The exhibition of Seven Selves on display at Kean University

By Jennifer Deligne

 

Seven artists from Kean University have put their art and personalities on display in the Seven Selves exhibition as their graduate thesis in the James Howe gallery. Angkana “Bee” Dellith, Alicia Bynoe, Julie Barkin, Matthew McCarthy, Celeste Regal, Brian Nicewicz and Perry Tyroler shared the space and made their own  nook unique next to their fellow colleagues’.

The exhibition was accurately named since with every artist’s work, a feel of their inner selves are shown. The graduates took risks and were unafraid to delve into touchy subjects.

Colors immediately take over once in the exhibition. Warm, highly blended earthy tones to the left, blues, blacks straight ahead and dramatic water-color paintings to the right, making every turn one to wonder about.

All of the works ranged in style and genre. Paintings glorifying the Buddhist religion by Dellith are assembled in a story-telling manner with over 30 individual paintings used to make up the whole work.

Bynoe used dark and gloomy water-colors in order to show her perception of a neighborhood, while McCarthy uses gloomy colors to display the story of the death of three birds.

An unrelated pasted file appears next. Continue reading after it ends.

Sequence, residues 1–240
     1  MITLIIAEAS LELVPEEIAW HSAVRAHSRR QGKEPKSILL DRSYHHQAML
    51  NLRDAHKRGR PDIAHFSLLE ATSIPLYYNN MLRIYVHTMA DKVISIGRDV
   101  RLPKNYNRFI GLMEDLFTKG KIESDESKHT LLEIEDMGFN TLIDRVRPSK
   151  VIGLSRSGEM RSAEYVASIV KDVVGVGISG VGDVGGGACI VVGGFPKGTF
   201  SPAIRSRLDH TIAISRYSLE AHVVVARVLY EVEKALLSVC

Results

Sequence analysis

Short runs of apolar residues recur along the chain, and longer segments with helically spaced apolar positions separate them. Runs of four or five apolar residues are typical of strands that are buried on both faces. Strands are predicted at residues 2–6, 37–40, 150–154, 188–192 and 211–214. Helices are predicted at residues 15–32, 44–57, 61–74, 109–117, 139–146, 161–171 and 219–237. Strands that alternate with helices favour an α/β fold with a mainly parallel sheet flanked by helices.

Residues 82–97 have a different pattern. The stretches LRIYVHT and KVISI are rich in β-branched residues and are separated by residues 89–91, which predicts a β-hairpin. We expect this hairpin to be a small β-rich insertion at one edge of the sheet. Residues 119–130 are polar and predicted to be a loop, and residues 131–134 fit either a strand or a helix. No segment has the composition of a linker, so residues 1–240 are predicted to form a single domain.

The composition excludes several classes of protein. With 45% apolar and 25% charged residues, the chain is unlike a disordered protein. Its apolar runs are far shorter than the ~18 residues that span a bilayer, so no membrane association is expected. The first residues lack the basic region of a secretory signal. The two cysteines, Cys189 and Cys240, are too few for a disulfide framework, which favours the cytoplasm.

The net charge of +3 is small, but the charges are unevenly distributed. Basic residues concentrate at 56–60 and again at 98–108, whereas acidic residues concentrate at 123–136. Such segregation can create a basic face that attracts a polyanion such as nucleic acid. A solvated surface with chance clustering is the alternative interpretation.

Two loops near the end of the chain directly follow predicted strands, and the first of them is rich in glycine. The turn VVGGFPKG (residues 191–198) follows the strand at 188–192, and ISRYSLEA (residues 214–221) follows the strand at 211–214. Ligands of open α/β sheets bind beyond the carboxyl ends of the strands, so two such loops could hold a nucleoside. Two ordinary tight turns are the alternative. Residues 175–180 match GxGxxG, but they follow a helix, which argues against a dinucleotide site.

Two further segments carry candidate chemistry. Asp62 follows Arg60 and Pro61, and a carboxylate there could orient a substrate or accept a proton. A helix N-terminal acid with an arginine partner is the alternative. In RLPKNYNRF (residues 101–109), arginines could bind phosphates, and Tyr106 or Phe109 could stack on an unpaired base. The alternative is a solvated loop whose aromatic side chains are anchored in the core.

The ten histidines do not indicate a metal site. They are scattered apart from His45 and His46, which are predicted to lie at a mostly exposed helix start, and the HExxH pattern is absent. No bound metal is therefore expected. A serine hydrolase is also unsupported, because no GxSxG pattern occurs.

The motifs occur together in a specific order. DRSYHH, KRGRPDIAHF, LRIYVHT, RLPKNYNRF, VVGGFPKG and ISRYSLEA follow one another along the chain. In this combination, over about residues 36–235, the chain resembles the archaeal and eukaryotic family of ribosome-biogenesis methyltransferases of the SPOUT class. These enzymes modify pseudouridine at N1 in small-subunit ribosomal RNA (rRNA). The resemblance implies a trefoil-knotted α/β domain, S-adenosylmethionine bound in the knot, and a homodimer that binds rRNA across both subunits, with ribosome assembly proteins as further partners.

Both artists displayed their view of the two topics with a series of paintings, making the meaning more defined.

Regal took her portion of the exhibition and centered it on the topic of rape. There were several angles she took in demonstrating the pain and struggle women go through after being tormented. Two short-read books, three separate framed depictions of an insect signifying an invading predator and a photograph of a woman who was disfigured by a man each tell similar stories in different, stimulating forms.

Other artists used color and form as their main expression. Nicewicz uses figures of enlarged alcoholic cells in his prints.

With the use of color and swayed strokes, his works seem to be in motion for the viewer. Nicewicz focused on blending science and art to create vivid, but unconventional portrayals of the human body.

Tyroler’s prints involve vibrant colors and various shapes to conceive settings or figures which are assembled to be aesthetically pleasing.

Circles are mostly used throughout the prints and Tyroler places the shapes in “Landscape” as both the circle of the sun as well as the circles of a bicycle.

Barkin brings to the exhibition a unique approach to landscape paintings by taking the viewer underground to caves. Four separate paintings show the “inner cave,” “jogged cave,” “cavernous,” and the “outer cave.” The thick colors in the paintings insinuate all of the layers of Earth and the dimensions it creates.

The seven artists revealed their pasts, passions, interests and beliefs through their creations. They bring to light their purest definition of art, which is expression of the true self.

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